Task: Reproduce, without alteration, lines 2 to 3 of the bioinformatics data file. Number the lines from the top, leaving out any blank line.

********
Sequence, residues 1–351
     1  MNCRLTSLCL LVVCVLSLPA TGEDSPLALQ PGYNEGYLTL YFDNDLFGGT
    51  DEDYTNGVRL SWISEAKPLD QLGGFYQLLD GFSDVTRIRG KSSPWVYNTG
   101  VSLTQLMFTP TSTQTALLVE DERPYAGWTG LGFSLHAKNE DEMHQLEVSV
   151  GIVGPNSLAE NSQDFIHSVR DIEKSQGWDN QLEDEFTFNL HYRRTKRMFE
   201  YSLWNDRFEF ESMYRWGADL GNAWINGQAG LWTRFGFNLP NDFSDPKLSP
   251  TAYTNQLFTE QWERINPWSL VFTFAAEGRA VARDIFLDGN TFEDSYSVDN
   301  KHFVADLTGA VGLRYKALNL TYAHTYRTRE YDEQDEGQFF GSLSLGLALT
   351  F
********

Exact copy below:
     1  MNCRLTSLCL LVVCVLSLPA TGEDSPLALQ PGYNEGYLTL YFDNDLFGGT
    51  DEDYTNGVRL SWISEAKPLD QLGGFYQLLD GFSDVTRIRG KSSPWVYNTG